French Novelist and Social Rebel Georges Arnaud, 69
Georges Arnaud, who as a youth was jailed for the murder of his father and aunt and whose rebelliousness was reflected in a series of novels, among them “The Wages of Fear,” has died in Spain, his family said in Paris. He was 69.
The family said Arnaud died Wednesday in Barcelona, but gave no further details.
Director Georges-Henri Clouzot turned the “Wages of Fear,” a story about men who drove nitroglycerine-laden trucks over dangerous roads into a film classic. The book sold an estimated 2 million copies worldwide.
The film, starring Yves Montand and Charles Vanel, won the Grand Prix of the 1953 Cannes Film Festival.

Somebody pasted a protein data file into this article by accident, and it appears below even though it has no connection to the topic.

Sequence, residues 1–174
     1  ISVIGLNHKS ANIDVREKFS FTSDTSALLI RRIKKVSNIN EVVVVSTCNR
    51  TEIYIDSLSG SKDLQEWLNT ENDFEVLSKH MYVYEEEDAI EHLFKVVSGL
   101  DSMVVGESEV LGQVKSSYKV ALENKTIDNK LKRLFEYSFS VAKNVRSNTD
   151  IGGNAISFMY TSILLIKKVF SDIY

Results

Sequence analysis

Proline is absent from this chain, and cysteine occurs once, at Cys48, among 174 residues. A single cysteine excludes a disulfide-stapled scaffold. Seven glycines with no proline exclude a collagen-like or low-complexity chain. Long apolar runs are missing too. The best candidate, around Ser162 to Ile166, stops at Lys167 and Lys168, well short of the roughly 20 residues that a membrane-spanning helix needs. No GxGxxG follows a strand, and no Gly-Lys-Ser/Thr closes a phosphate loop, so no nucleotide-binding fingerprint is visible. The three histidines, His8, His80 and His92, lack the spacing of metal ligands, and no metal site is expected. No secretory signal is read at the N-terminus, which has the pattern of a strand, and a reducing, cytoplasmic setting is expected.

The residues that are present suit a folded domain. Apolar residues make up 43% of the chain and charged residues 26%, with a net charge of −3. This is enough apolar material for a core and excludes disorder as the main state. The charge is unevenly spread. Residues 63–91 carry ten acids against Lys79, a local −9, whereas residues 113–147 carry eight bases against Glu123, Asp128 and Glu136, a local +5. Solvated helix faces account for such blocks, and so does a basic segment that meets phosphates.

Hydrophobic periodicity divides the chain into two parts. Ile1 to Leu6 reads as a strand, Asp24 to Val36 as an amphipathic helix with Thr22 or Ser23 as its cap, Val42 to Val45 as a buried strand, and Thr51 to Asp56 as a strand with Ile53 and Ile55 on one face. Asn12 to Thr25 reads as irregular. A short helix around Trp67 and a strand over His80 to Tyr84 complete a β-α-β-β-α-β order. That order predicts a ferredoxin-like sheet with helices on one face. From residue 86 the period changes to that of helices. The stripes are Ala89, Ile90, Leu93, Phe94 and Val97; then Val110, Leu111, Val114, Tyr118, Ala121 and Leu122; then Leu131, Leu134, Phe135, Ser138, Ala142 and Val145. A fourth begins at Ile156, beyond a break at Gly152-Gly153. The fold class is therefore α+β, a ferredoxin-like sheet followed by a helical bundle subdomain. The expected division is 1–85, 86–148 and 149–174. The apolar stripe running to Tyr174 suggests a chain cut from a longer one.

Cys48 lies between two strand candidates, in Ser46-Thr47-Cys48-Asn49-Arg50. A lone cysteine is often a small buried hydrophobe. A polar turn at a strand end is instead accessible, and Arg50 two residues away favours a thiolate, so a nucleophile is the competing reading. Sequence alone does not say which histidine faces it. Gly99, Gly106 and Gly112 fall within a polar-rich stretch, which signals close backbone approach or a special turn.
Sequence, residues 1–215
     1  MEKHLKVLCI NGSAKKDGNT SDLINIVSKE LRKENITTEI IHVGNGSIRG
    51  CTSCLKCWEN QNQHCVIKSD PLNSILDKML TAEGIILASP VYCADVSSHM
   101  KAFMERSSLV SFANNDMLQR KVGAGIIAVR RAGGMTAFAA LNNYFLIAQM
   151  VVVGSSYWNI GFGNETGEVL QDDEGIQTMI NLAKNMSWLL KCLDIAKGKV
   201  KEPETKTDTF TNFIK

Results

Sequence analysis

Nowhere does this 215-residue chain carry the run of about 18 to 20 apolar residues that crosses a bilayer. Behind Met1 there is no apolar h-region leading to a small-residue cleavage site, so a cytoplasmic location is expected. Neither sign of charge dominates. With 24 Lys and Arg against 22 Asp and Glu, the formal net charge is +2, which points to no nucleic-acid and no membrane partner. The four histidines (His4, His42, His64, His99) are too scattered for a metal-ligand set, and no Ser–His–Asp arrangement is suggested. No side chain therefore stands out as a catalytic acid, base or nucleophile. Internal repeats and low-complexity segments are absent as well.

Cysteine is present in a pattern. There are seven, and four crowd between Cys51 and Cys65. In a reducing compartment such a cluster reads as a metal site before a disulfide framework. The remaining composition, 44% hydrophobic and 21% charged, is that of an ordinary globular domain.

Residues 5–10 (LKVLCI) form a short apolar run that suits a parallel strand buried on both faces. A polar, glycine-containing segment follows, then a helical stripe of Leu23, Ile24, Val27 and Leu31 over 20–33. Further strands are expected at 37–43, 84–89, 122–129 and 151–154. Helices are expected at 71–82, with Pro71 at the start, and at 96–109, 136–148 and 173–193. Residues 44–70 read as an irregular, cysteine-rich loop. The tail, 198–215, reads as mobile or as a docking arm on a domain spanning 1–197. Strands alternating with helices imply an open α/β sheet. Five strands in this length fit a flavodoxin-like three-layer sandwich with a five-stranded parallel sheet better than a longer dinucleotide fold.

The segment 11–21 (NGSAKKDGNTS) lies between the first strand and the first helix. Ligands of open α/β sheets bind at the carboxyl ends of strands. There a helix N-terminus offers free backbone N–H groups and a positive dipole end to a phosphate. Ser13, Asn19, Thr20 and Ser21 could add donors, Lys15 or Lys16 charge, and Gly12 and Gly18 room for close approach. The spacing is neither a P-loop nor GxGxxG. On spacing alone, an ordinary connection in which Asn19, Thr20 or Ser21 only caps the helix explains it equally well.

When he died, Arnaud was working on a new novel, “An Executioner in the Streets,” to be published in September, according to the Pre-aux-Clercs publishing house. Jean-Claude Simoen, director of the house, said he was not certain if the book was completed.
Arnaud, a pen name, was born Henri Girard, the son of Georges Girard, a Foreign Ministry official and noted historian. Girard was killed in the family chateau near Perigueux, in central France, in 1941.
Arnaud was accused of murdering his father and aunt, but was declared innocent in 1943 after 19 months in jail. The experience left him with a hatred for police and the judiciary, and he stayed away from France for many years.
Arnaud later became a leading supporter of the Algerian independence movement during its war against France in the 1950s. He was given a suspended two-year prison term for supporting the Algerian rebels.
In addition to “The Wages of Fear,” Arnaud wrote several other novels and travel books.